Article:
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Former administrator sues university for racial discrimination

The federal civil rights acts prohibit racial discrimination in employment. The law forbids any kind of discrimination with respect to the hiring, promoting, demoting, firing or other acts affecting the terms and conditions of the job, on the basis of race or other protected employee statuses. As a federal law this applies in Michigan and every other state. An individual claiming a wrongful termination due to civil rights violations must first file a claim with the employer so the employer may investigate and take corrective action where needed.

Where the employer doesn't act or acts inadequately or improperly, the employee can file a claim with the EEOC. The EEOC is the federal agency within the U.S. Department of Justice that is charged with the responsibility of preliminary enforcement of most of the civil rights laws respecting employment. After making an investigation, the EEOC often tries to bring about a settlement by bringing both parties together for conferences and sometimes informal mediation.

Occasionally, the EEOC chooses not to support the claim filed. However, even where it does not make an agency finding of discrimination, it will issue the standard right to sue letter. Where the agency takes that stance, the effect of that procedure will have little or no impact on the lawsuit.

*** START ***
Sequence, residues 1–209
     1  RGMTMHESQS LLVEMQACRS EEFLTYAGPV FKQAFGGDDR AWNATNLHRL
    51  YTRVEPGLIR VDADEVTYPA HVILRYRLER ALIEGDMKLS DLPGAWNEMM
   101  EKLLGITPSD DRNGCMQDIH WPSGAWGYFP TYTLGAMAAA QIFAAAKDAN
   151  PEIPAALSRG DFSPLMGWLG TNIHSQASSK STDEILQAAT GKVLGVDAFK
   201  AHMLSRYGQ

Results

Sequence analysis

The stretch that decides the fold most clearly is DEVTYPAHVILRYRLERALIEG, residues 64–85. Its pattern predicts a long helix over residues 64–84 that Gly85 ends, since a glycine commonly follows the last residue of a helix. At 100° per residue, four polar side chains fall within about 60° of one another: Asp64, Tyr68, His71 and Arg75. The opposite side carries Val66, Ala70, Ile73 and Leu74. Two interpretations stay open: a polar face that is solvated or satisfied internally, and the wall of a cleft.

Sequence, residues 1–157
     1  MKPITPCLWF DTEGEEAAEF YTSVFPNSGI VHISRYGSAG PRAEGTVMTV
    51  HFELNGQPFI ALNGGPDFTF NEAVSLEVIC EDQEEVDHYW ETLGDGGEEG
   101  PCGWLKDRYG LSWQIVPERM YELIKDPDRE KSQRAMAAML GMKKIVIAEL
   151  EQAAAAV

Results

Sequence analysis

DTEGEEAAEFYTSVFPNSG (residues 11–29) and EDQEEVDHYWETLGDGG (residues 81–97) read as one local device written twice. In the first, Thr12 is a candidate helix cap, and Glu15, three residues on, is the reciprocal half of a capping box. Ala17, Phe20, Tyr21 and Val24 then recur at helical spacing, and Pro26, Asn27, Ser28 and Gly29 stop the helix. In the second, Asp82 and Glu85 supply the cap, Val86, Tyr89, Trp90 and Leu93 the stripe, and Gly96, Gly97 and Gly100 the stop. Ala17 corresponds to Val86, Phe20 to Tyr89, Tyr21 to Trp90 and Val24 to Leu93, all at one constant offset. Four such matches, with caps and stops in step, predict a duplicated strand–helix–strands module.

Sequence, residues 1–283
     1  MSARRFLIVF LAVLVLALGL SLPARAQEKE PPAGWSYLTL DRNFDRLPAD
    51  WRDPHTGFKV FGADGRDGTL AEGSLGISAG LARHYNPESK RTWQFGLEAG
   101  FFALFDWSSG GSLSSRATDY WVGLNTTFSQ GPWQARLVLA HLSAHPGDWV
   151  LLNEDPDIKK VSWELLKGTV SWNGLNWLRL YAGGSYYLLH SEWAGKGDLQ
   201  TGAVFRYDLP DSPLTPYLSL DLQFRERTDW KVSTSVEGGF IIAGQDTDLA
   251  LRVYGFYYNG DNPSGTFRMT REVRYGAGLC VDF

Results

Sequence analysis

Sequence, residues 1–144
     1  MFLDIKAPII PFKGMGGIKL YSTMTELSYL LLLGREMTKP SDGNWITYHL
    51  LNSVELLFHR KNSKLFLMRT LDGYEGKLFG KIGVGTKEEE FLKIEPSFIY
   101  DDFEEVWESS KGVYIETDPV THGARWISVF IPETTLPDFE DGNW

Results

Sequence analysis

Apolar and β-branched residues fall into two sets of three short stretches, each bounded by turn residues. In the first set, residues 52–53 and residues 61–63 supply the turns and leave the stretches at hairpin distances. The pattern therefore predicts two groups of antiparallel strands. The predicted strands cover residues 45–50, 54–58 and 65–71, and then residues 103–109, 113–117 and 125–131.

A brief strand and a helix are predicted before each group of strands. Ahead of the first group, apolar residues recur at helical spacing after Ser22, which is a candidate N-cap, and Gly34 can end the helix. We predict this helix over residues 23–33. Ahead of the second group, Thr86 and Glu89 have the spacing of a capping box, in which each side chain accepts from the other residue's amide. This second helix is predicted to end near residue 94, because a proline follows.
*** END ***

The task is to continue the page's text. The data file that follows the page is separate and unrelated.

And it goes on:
It's not unusual for a claimant to obtain a recovery despite not having EEOC preliminary support. In one recent case, a former administrator at Notre Dame University filed a lawsuit for employment discrimination against the university. He did this after receiving an EEOC statement that the agency was "unable to conclude" that there were violations of the civil rights statutes.

The former administrator was very vocal after racially inflammatory items were put in the mailboxes of African American student groups. He alleges asking the university to investigate and to develop a plan to address racism at the university. Instead of receiving a promotion that he was also requesting, the university demoted him after 13 years of employment, according to the suit. In Michigan and elsewhere, a case in this posture will now enter into the discovery and motions phases of the case. It can settle at any time if the parties come to an agreement.

Source: ABC 57 News, Notre Dame sued by former employee for alleged racial discrimination, Jessie McDonough, Dec. 2, 2013

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